Tenaglia: I don't think that flying has ever stopped me from taking a gig. When I was in Florida, I did have a couple of scary incidents like the TWA crash at Newark where we had to be bussed to another airport. At this point, I just put it all into God's hands. I even want to go in a helicopter now.

Music Is The Answer

Digweed: There is so much good music out there, why would I want to play six or seven hours of the same style? There are so many amazing records at my disposal that I'd rather start my set off with moodier records and let people have the anticipation of when you're going to up the tempo. I've said this a million times, but there's nothing like walking into club, seeing the lights that are turned down low and the system isn't even turned up full. As the tempo builds and the lights come up, that's when the excitement builds.
Tenaglia: There's a whole misconception of the word trance in 2000. Three years ago, I wouldn't consider playing it because it was 140BPM with lots on sixteenth-note synth lines going on. A lot of it was cheesy. And a lot what John plays I don't consider trance, like the Medway record on Hooj. Guys like Tilt and Tarantella are trance-related, but it's coming from darker rhythmic vibes.
Digweed: Even EBE.
Tenaglia: Exactly.
Digweed: He's taken British influences and mixed 'em with America sounds.
Tenaglia: There are all of these guys like Cari Lekebusch and Oliver Lieb—everyone is intertwined and inspiring each other. How can you just play one style? I've never been a Garage DJ. I place dance music and what appeals to me on the night that I'm playing. Just because I like a Faithless record doesn't mean that I'm a trance DJ. I have respect for good music.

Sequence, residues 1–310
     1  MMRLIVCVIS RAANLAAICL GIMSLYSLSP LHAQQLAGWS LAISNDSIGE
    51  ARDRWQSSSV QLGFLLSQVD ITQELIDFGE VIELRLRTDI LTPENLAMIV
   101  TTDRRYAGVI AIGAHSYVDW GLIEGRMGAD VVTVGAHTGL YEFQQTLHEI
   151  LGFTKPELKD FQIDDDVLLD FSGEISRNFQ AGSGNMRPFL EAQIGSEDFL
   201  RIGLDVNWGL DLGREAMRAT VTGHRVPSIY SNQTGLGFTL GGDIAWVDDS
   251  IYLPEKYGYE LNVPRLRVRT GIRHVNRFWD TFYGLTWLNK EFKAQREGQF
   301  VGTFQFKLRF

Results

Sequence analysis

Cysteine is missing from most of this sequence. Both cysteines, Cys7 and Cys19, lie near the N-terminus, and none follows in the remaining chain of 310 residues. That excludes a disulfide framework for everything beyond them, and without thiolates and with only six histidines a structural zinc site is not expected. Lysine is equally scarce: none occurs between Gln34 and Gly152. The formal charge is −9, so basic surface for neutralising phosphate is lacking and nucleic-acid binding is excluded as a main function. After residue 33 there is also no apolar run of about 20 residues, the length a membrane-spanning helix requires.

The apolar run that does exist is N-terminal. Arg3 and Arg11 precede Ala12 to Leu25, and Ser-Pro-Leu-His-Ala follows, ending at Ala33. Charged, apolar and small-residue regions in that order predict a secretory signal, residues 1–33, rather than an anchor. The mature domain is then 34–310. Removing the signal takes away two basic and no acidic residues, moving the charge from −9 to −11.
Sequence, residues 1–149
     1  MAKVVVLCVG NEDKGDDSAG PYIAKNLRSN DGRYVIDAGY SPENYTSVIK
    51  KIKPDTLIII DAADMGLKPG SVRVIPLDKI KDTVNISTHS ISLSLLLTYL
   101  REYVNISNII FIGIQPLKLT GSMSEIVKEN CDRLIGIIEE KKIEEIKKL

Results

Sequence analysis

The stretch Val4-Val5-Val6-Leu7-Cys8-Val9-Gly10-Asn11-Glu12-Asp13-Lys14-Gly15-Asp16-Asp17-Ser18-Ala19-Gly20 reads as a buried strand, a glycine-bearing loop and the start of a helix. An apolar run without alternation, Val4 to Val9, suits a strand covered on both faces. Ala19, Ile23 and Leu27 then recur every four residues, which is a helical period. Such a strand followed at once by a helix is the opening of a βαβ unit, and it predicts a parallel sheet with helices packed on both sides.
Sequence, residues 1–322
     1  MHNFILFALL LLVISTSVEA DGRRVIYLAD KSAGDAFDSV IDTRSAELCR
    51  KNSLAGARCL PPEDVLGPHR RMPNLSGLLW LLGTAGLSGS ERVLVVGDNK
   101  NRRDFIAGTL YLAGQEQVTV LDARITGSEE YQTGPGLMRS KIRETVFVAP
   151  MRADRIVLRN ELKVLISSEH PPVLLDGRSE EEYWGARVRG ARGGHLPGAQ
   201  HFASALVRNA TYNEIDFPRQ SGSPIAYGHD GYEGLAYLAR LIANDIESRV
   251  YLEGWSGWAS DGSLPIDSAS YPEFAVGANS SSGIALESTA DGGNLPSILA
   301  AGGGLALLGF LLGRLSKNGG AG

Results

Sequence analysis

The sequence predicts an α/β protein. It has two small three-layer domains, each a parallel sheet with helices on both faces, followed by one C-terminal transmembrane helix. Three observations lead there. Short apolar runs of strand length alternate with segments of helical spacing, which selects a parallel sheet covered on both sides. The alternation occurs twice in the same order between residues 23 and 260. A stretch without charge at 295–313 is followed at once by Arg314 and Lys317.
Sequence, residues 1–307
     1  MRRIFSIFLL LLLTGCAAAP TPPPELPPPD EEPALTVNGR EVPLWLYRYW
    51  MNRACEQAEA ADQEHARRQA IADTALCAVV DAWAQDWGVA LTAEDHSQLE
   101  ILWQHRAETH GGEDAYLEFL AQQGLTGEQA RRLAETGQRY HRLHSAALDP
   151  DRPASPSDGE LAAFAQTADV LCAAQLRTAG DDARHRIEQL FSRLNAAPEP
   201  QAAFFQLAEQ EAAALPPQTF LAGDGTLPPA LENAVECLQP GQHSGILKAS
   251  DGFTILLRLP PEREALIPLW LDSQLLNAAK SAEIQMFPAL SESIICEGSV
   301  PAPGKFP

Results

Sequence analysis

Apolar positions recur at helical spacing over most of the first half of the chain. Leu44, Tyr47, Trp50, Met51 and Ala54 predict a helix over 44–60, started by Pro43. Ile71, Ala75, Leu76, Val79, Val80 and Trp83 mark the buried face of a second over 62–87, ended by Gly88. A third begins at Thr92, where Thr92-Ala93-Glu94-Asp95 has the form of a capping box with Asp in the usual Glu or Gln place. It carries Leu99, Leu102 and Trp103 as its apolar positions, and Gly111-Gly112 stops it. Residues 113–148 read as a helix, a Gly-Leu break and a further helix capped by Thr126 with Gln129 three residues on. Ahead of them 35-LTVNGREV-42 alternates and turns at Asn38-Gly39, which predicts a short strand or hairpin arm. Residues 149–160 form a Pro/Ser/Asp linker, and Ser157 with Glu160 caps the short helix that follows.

Digweed: I've liked house from the word go, but when I was playing gigs a few years ago where I only had two hours, you can't come on after someone's been playing at 135bpm and bring it down to 125 in two hours. It just doesn't work. The whole beauty of running my own night and doing the Northern Exposure tours is that we've had a lot more control over how the night develops as opposed to short guest spots in England.


Tenaglia: One of my biggest fears is being recorded without my permission, especially when I'm doing something special like dropping a Vincent Price vocal.
Digweed: There was a case where there was a bootleg of myself and Sasha recorded at Simon's.
Tenaglia: It happened to me at Simon's and I found out about it when someone went to my friend Todd's store in Miami with a cassette of a song I played that they were trying to ID.
Digweed: It can also be great in the respect that the bootleg pushed our names acress America long before we had CDs out here. But it isn't fair for the artists who lose out. It is flattering to think that someone thinks you're worth enough to go to the trouble of bootlegging.
Tenaglia: What is stressful is the anguish and preparing for a set. You want to bring four record boxes, but can only bring two.
Digweed: But I wouldn't change it for the world.
Tenaglia: [laughs] Me neither. Who knew that a kid with a $10 record player hanging out by a juke box would become a juke box?
Danny Tenaglia's Back To Mine is out now on Ultra. Sasha & Digweed's next Northern Exposure CD will be released domestically on Kinetic. Tenaglia spins Fridays at Vinyl in New York City. Digweed apprears with Sasha on the last Friday of the month a Twilo.